1. Am I the only one that thinks that Pete (played by Soo Kui Jien)keeps looking like a deer? That's caught in the headlights? Of an oncoming truck?

  2. "You don't know her handphone number? That's like forgetting her birthday, man." Melissa's birthday is 19 March 1980. Azizan's birthday is 17 May 1973. Just in case you wanted to know.

  3. The girl who played the angry girlfriend in the coffee shop who threw water over her boyfriend was played by Haryati Hamzah. She is one of the winners of the audition competition organised by Ponds in conjunction with the series.

  4. "Sue, I'm sure he still loves you. It's just that guys have an attention span of a goldfish." If that's true, it's frightening, since goldfish have an attention span of about three seconds.

  5. Note that only trendy Sue has an iMac on her desk in the office. Everybody else has little beige PC boxes.

  6. "Rita, could you get the number for ID designs for me. I'll be out for a while." The number given to Adam for Sue's office is a 7-digit number beginning with '272. '272' (now '2272') numbers are allocated to phones in Brickfields, which is very near Plaza Pantai, which is where the set for Sue's office is located.

  7. "She wrote this down when I first asked her out."The movie ticket with Sue's number on it is dated 26/03 and is for a showing of Scooby Doo 2 at GSC Mid-Valley Megamall.

  8. "So you want to show me what you've done so far? See if you're in the right direction?" The doodles that you see Sue doing are probably really Melissa's scribbles, so graphologists out there can have a field day analysing her.

  9. "You know that Starbucks, just downstairs from your office?" You shouldn't be surprised to see a Starbucks in a Popiah Productions show. Producer and director Ping Ho has been known to write scripts and hold meetings at Starbucks.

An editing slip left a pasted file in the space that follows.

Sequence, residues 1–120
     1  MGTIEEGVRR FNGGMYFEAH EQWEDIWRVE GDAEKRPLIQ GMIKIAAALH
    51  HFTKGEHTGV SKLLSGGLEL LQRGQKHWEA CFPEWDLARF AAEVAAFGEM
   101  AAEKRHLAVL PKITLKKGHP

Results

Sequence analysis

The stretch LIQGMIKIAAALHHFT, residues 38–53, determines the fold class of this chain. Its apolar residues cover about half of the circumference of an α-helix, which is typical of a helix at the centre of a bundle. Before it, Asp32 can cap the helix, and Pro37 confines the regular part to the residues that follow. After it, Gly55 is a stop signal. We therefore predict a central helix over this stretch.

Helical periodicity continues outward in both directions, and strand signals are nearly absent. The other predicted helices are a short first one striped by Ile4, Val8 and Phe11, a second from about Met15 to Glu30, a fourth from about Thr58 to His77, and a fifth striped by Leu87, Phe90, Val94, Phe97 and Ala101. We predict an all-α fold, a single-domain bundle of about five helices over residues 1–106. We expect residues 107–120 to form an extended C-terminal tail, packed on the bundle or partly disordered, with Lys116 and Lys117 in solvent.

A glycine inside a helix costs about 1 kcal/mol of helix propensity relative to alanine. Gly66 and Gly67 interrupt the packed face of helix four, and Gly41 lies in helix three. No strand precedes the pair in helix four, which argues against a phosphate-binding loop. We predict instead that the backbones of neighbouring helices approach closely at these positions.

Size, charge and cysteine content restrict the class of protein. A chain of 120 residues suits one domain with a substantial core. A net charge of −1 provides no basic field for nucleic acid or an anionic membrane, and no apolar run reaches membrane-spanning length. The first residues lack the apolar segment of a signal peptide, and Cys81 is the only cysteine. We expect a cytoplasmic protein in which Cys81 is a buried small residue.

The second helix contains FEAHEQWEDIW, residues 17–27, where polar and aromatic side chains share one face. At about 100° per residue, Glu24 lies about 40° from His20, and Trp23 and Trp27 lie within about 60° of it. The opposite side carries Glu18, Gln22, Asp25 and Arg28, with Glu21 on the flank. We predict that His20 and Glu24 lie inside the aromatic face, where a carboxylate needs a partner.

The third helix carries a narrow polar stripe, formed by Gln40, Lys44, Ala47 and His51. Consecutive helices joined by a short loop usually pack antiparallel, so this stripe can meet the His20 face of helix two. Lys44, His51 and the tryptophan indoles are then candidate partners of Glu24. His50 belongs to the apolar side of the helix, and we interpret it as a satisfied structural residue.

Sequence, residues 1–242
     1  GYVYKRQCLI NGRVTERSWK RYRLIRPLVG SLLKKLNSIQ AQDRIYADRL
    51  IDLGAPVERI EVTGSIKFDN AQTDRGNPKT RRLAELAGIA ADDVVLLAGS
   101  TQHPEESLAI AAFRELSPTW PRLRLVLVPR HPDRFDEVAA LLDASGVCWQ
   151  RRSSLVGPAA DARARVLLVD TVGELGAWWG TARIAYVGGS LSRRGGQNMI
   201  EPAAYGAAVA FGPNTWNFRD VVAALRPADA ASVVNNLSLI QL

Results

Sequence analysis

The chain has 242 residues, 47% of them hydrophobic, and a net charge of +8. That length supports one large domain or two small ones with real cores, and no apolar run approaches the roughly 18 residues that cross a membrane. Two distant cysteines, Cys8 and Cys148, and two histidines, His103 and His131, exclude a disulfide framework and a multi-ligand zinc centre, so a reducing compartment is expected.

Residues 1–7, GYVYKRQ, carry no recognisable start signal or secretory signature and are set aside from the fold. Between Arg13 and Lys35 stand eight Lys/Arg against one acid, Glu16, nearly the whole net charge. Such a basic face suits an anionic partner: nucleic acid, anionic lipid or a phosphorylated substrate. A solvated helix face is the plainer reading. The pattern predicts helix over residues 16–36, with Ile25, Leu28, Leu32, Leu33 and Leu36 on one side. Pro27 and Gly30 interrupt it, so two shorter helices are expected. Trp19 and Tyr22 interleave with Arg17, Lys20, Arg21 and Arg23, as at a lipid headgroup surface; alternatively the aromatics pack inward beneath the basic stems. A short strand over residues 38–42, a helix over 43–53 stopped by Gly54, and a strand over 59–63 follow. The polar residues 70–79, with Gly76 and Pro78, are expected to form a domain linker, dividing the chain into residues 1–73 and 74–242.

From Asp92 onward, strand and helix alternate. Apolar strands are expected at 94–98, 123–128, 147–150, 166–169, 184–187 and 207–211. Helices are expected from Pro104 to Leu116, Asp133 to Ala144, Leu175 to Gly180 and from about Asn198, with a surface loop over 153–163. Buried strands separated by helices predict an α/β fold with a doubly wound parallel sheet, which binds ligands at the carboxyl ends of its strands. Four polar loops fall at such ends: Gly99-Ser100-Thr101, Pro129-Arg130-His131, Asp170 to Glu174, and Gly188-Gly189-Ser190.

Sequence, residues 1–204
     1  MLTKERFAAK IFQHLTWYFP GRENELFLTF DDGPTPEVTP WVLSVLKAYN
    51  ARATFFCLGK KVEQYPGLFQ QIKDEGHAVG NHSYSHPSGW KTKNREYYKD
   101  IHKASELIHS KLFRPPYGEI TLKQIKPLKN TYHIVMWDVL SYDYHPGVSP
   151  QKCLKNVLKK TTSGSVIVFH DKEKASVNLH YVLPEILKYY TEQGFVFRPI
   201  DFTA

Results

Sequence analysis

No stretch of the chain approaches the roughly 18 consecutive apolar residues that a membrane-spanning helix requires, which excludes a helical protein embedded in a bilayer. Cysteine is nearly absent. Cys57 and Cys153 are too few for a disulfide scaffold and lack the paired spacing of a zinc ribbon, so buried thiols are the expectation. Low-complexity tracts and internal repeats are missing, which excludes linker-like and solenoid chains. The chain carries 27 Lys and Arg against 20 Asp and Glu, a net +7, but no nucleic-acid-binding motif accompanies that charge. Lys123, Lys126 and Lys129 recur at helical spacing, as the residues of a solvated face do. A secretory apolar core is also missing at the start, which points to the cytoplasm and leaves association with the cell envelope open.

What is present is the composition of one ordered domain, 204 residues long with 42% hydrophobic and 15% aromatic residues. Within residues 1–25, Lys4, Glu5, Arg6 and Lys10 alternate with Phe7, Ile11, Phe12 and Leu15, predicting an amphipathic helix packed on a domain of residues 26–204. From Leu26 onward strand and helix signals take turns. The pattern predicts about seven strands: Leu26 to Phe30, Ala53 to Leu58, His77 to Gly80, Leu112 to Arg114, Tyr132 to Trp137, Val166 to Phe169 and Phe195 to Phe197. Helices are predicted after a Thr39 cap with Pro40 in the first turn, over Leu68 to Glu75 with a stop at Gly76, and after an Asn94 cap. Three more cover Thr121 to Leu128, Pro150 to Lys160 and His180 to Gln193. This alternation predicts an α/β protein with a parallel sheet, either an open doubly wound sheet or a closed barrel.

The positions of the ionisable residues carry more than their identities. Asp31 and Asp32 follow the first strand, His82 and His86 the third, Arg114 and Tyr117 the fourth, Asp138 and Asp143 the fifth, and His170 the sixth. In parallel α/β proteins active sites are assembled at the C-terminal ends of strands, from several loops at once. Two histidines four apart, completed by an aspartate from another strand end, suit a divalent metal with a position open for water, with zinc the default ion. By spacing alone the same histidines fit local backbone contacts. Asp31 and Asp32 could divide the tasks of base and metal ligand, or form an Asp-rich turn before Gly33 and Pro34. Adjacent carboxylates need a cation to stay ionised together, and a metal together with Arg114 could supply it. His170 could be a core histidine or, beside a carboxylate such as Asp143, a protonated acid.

10. Both Aroma's and the new wing of 1 Utama are featured again.

Well, episode 3 will air next week and it'll be all about parents and fish head curry restaurants.

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posted on Sunday, June 27, 2004 - permalink
Comments:
Somehow I keep thinking that Azizan cannot act to save his life? What do you think?

khalilur
www.idlanzakaria.com/khalilur
 
I will say this: the key to the show is Adam's and Sue's relationship. If you don't believe these two have real feelings for one another, then sorry-lah. Azizan needs to act well enough to convince you of this. If you don't believe it, then, yah, it isn't good enough.

Also: Azizan's previous three tele-movies were in BM, so he's not used to acting in English.

Another Also: Azizan and Melissa had very little rehersal time together before shooting began because Melissa studies overseas - this didn't help things.
 
check out this forum.
http://forum.cari.com.my/viewthread.php?tid=110545&fpage=1
 
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Table for Two: Episode 2 tonight

Just a heads-up that the second episode of Table for Two is due tonight. The synopsis is: A case of a lost handphone and number leads Sue to suspect that Adam is having an affair. I don't know much about the episode, really.

The ratings for last week are now up on the TV3 website. Unfortunately Table for Two is nowhere to be seen. Depending on which category it's in, it could mean that it got less than 453,000 viewers (still not necessarily bad) or less than 34,000 viewers (less good).

Incidentally, Malaysian Idol received 50,000 for the TV3 repeat on Sunday. Phua Chu Kang brought in 47,000.

Top rated show was 999 with 3.182 million viewers.

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posted on Saturday, June 26, 2004 - permalink
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Pollution figures will give a "grim picture of Malaysia"

Malaysia said air pollution figures would remain a state secret due to fears the economy would be hurt by revealing how much smog from neighbouring Indonesia had blanketed parts of the country.